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Thread: Financial Crisis - 2013 - ????

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    Default Re: Financial Crisis - 2013 - ????


    Obama: Top Tax Rate Should Be 28% for Corporations, 40% for Small Businesses

    July 30, 2013

    The New York Times reports that President Obama is reviving an old proposal to lower the corporate tax rate from 35 percent to 28 percent (and 25 percent for manufacturers). Obama's push to lower the corporate tax rate to 28 percent comes less than a year after he raised the top individual income tax rate, paid by many small businesses, to 39.6 percent.

    In a speech delivered Tuesday afternoon, Obama did not explain why he thinks it's a sound economic idea to raise the top marginal tax rate on small businesses but lower it for corporations.

    "Right now, our tax code is so riddled with wasteful loopholes that many companies doing the right thing and investing in America pay 35%, while the corporations with the best accountants stash their money abroad and pay little or nothing at all," Obama said, according to the text of his prepared remarks. "I’m willing to simplify our tax code in a way that closes those loopholes, ends incentives to ship jobs overseas, and lowers rates for businesses that create jobs right here in America."

    Neither Obama's Tuesday speech nor his February 2012 corporate tax reform plan explained in detail which loopholes would be closed. During the 2012 presidential campaign, the Obama campaign hammered Mitt Romney for not saying which loopholes he would close to pay for a proposed reduction in individual income tax rates.

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    Default Re: Financial Crisis - 2013 - ????

    I wish I were President and could just make decisions for everyone in the country.

    I'd set MY tax rate at 2%....

    And other politicians would be at 93%.

    7% is all they need to keep, after taxes, and after pay cuts.

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    Default Re: Financial Crisis - 2013 - ????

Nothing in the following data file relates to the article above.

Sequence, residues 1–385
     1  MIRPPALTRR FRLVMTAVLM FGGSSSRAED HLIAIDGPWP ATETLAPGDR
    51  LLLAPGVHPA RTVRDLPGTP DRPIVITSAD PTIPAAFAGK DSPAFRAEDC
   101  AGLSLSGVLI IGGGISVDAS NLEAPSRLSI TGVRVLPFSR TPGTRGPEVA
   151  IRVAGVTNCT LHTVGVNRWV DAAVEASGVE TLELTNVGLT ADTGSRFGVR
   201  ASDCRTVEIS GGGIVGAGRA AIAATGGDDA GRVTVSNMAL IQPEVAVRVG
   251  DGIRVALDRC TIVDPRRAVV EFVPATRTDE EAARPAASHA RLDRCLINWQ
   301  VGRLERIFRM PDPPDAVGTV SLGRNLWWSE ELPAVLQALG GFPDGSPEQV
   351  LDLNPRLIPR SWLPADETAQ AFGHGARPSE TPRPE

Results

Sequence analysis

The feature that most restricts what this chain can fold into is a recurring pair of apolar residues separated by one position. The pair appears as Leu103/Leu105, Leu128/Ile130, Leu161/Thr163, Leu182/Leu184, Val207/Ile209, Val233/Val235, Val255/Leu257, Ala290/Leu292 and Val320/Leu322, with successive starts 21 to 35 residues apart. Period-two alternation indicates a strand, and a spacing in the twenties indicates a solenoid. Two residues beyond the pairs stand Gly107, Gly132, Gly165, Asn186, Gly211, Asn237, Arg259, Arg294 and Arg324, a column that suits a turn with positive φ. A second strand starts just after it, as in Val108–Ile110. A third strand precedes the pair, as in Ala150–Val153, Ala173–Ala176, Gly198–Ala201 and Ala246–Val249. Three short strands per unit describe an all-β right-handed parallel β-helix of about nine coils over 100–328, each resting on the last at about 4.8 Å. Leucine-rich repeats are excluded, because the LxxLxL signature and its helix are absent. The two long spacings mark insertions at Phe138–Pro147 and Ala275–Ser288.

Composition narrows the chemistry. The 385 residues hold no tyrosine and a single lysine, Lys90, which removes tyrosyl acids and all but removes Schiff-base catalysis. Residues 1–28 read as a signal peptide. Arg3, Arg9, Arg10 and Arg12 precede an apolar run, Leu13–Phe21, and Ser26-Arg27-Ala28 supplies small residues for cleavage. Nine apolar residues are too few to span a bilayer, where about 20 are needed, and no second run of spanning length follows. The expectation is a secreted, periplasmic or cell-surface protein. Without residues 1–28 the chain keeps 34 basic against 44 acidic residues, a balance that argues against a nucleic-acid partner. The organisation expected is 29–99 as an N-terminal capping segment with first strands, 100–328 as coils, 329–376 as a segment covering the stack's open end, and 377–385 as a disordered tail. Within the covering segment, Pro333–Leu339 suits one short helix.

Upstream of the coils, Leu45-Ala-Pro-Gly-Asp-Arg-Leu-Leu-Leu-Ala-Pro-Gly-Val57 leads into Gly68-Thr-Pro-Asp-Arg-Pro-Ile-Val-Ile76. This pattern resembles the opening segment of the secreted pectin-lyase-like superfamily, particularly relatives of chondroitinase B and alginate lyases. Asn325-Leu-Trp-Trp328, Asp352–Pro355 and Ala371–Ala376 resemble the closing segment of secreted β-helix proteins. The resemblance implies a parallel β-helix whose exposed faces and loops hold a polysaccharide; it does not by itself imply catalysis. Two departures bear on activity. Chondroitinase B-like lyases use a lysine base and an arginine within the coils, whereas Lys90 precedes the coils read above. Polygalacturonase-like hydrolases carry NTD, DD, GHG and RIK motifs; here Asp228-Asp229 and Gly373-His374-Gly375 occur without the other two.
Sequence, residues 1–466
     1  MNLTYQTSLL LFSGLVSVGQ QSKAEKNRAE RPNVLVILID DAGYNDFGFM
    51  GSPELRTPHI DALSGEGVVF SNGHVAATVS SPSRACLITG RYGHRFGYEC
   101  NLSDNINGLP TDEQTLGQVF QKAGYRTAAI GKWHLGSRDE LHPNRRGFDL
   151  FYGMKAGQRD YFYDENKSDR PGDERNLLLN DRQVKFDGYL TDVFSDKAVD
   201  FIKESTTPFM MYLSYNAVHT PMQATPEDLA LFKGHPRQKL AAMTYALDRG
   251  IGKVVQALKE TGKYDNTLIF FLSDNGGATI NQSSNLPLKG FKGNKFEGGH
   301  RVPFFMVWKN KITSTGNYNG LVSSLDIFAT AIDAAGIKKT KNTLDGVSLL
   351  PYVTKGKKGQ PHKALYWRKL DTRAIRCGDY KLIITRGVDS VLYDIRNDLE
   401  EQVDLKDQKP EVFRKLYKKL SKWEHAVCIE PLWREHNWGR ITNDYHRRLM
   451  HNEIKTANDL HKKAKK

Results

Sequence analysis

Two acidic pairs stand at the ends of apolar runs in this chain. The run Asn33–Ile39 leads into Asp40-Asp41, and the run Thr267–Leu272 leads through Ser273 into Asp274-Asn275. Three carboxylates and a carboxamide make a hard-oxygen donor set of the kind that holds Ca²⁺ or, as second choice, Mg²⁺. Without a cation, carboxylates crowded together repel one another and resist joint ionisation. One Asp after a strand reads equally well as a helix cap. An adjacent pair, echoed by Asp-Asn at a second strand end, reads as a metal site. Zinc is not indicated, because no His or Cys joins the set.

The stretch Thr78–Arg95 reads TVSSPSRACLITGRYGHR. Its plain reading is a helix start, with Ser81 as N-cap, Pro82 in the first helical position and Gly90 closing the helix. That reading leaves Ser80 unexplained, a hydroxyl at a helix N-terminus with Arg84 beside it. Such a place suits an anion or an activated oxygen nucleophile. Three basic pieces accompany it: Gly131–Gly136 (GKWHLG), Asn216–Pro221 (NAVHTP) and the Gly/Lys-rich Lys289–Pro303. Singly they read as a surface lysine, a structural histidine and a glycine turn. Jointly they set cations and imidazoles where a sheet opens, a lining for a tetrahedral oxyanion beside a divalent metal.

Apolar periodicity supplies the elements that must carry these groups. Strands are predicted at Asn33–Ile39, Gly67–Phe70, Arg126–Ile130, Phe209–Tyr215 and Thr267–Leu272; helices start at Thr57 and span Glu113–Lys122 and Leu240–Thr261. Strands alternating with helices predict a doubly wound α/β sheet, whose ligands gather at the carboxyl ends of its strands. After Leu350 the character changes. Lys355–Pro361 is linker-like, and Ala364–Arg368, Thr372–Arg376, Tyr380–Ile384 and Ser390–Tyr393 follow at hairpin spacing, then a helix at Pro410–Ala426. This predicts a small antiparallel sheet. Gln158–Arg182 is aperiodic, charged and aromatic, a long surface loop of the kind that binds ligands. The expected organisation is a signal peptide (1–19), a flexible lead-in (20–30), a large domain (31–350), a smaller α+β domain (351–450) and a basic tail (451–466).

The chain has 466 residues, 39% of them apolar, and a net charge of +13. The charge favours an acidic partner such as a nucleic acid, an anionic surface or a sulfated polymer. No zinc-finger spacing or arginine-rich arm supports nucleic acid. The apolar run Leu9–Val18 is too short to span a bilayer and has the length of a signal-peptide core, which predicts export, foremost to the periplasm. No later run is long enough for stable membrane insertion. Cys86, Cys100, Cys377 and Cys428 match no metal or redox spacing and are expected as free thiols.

The
    SUMMER OF RECOVERY - PART 4

    continues...

    Share Of Young Adults Living With Their Parents Hits Four-Decade High

    Declining employment, rising college enrollment, and declining marriage rates among Millennials appear to be behind the trend, which was studied by the Pew Research Center

    August 1, 2013

    More than a third of young adults lived at their parents’ home in 2012, the highest rate in at least four decades, according to a new study by the Pew Research Center.

    Thirty-six percent of America’s so-called Millennial generation – young adults aged 18 to 31 – lived at home last year, compared with 32 percent in 2007, prior to the Great Recession. In 2009, the year the recession officially ended, 34 percent of Millennials lived at home.

    “The steady rise in the share of young adults who live in their parents’ home appears to be driven by a combination of economic, educational and cultural factors,” the Pew report states.

    Key among those factors are declining employment, rising college enrollment, and declining marriage rates, according to the report.

    “I think part of this trend is indeed a reflection of the weak labor market and difficult job prospects, says Richard Fry, the report’s author. “More young adults are living with their mom or dad, but nationally, jobholding hasn’t really increased much.”